Deep Inside the Laboratory Testing CrossFit Games’ Athletes for PEDs

October 12, 2019 by

Chad Schroeder contributed to this story. 

It’s 9:54 AM on Thursday, September 5. I pull up to the UCLA Olympic Analytical Laboratory in West Los Angeles. 

This is home to the largest sports drug testing facility in the United States, responsible for handling and testing innumerous samples from WADA and Drug Free Sport. 

I park and enter this nondescript building across a tightly-packed side street around the corner from a Trader Joe’s. I hand over my driver’s license, sign in, and don a white lab coat. I cannot take any photos or recordings of any kind; just notes on pen and paper and I’m to be escorted at all times. 

At 10:00 AM, I’m lead into the laboratory behind a sealed door accessed only by keycard. Flanked on both sides by staff. We retrieve Anna Fragkou’s B urine sample from a storage refrigerator where it’s kept at around -20 celsius. 

I put on a pair of gloves and inspect the sample for any evidence of tampering. I find none and sign my name to affirm its integrity. Now the testing process begins. 

At this point, it’s important to note how we got here. 


On August 22, Anna Fragkou, the 9th fittest woman on earth received an email notification that she failed a drug test, testing positive for Oral Turinabol, an anabolic-androgenic steroid known to promote muscular endurance and rate of recovery. 

Fragkou, who was also Greece’s national champion, says she never knowingly took the substance: “I had never even heard of this substance before. I have never taken any such substances and I have always tried to be very conscious about what I eat and consume.”

CrossFit’s first known case involving Oral Turinabol came in July 2018 involving Nuha Almarri who tested positive for the banned substance after placing 34th at the Meridian Regional. Then last season, Chantelle Loehner tested positive for the same substance. Both athletes denied ever taking the steroid. 

Oral Turinabol is far from a new steroid, however. Originally developed in East Germany in 1962 by Jenapharm, the substance was used to propel “East-German Olympic athletes to gold medal in the 70’s and 80’s” according to a 2016 Scientific American article analyzing cheating in the Olympics.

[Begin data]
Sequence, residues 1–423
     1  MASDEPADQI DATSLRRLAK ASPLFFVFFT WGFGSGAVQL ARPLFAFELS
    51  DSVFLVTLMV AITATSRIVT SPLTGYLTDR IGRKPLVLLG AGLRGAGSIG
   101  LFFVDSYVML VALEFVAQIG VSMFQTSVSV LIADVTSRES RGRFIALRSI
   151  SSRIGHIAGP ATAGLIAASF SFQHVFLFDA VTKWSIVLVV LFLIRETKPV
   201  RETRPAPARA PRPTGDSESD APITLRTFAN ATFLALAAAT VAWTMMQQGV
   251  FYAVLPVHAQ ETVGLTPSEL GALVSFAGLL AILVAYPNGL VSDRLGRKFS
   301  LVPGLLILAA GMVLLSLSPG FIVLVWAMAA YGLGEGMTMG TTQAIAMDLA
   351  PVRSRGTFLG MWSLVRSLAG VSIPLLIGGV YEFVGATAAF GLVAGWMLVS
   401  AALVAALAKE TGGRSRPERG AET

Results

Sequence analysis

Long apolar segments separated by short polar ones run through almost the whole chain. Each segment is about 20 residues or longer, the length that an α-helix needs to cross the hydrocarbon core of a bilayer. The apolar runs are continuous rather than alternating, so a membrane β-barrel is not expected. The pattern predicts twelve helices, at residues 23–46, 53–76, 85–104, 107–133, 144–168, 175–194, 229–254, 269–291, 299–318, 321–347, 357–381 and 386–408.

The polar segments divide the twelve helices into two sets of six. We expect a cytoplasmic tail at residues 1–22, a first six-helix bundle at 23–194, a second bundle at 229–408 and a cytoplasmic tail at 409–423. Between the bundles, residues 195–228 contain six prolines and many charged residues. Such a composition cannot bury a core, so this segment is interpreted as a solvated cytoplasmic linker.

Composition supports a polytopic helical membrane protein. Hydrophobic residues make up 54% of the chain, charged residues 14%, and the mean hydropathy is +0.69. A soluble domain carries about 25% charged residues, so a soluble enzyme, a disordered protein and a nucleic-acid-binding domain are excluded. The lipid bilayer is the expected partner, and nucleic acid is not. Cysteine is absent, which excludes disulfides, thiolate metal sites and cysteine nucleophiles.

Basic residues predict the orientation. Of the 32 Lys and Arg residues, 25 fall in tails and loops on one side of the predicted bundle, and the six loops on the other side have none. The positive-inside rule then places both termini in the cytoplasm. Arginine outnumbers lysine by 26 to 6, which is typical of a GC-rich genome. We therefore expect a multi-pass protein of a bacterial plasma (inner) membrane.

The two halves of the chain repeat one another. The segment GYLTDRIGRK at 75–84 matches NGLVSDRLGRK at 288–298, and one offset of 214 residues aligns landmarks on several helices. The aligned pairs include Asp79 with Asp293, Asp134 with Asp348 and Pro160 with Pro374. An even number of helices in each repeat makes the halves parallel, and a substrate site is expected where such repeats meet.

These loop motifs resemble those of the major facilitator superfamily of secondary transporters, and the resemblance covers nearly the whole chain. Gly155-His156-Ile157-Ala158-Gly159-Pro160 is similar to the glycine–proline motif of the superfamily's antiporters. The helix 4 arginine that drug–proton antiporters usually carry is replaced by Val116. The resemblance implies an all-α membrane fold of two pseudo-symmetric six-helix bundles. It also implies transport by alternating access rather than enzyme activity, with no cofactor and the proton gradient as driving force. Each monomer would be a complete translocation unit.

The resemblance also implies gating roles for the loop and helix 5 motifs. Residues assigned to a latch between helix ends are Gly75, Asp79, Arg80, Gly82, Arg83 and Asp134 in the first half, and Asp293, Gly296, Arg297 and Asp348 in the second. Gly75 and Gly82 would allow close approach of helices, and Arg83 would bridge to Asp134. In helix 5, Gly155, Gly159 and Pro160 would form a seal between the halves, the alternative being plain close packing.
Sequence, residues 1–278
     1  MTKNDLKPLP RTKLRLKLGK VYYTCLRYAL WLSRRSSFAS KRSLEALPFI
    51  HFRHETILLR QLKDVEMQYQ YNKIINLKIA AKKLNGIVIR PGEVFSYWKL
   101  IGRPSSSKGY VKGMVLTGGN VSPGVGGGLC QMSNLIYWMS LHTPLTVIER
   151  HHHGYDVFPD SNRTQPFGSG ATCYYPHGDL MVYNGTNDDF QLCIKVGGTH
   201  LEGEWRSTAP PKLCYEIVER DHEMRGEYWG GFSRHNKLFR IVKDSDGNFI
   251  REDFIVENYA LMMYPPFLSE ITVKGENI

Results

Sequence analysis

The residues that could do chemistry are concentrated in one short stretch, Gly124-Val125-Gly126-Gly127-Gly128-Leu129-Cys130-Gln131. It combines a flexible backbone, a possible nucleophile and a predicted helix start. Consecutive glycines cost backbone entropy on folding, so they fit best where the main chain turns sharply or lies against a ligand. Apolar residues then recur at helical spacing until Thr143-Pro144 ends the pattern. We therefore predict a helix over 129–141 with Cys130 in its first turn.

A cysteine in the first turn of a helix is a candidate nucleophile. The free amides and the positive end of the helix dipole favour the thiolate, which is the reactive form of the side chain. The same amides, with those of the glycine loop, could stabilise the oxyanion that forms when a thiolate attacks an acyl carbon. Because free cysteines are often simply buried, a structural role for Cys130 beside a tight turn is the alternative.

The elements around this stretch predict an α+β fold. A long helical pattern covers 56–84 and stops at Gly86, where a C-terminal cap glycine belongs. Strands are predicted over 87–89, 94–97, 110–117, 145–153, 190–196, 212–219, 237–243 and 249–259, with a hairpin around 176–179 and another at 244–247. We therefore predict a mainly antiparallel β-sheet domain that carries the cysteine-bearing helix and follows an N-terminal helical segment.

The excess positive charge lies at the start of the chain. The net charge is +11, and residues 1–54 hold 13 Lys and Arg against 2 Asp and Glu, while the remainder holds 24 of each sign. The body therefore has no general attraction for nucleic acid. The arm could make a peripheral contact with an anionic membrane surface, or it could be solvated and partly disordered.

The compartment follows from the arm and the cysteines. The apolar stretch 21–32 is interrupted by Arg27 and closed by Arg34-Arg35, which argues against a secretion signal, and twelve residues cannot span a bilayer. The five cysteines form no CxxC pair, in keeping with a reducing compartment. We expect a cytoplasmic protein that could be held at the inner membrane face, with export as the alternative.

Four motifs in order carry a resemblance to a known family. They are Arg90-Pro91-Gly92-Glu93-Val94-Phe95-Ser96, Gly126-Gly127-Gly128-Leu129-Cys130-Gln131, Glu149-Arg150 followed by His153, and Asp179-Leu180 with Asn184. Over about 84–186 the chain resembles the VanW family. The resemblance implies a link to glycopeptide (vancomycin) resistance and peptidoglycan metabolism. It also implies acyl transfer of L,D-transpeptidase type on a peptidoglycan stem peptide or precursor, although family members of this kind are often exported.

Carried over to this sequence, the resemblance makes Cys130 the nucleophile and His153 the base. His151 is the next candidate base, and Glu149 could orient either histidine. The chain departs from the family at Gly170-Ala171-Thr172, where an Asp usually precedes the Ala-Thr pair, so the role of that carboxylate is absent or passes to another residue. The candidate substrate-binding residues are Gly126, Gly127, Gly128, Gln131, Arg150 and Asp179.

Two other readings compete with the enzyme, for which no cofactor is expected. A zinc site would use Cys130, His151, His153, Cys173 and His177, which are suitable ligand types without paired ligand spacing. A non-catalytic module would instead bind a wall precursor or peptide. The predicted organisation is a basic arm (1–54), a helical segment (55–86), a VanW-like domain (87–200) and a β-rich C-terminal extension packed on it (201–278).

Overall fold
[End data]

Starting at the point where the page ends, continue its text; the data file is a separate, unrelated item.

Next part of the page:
According to that same article, “Oral Turinabol was only detectable within five to seven days after ingestion” a decade ago. It was Dr. Grigory Rodchenkov, the Director of the Moscow and Sochi 2014 anti-doping laboratories, who discovered a new method for detecting the substance up to six months after it was taken. This new test was instrumental in helping the International Olympic Committee (IOC) re-test samples from the 2008 and 2012 Olympics.

It was during those retests that 111 anti-doping rule violations were found. Of those 111, approximately 80 involved Oral Turinabol, 35 were for Russian athletes. All told, 70 percent of positive tests were for Turinabol. 

Less than two months ago, the number three athlete in Argentina tested positive at a local competition for Oral Turinabol. Mauro Acevedo openly admitted to taking the steroid more than two years ago while competing at the 2017 South Regional but ceased shortly thereafter. If we take Acevedo at his word, this positive test demonstrates how far back chemists are now able to detect traces of certain substances. Like Fragkou, Acevedo’s sample was also collected by Drug Free Sport. 

The steroid also made headlines as the key ingredient in Russia’s state-sponsored doping program which employed hundreds of staff and scientists to mask the use of PEDs across multiple sports. The program administered banned substances as well as “directed, controlled and oversaw” the systemic cover-up of drug abuse by athletes from late 2011 until August 2015. 


The West LA Laboratory is one of only two World Anti-Doping Agency (WADA) in the U.S. This is the largest, processing as many as 35,000 to 40,000 samples yearly. 

A vast majority of CrossFit’s in-competition and out-of-competition drug tests are brought to this facility to be analyzed, though in certain circumstances other facilities across the world may be used. However, CrossFit uses only WADA-accredited labs.

Fragkou and her team asked me to attend the B sample test on her behalf as a neutral observer to ensure the process was handled professionally and bring some peace of mind that a neutral party was observing a test halfway around the world.